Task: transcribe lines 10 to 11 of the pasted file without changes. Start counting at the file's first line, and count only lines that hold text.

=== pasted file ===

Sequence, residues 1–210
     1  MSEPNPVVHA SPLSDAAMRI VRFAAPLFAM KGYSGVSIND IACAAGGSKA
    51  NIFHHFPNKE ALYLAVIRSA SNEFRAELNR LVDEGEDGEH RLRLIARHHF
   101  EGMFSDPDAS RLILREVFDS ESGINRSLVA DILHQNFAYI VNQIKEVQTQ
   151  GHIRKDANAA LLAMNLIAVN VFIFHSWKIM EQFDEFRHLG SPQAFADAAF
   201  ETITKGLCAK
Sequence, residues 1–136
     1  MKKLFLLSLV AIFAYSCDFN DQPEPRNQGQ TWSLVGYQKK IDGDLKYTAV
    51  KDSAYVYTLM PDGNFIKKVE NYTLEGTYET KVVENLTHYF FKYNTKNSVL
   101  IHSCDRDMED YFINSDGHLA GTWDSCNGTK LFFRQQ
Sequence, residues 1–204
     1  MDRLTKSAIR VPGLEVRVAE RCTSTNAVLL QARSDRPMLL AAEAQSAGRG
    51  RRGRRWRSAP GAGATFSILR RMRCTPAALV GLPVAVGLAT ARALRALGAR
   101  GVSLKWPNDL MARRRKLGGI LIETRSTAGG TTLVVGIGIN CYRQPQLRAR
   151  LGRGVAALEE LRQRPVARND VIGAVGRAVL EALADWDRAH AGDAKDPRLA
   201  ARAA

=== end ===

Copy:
   101  IHSCDRDMED YFINSDGHLA GTWDSCNGTK LFFRQQ
Sequence, residues 1–204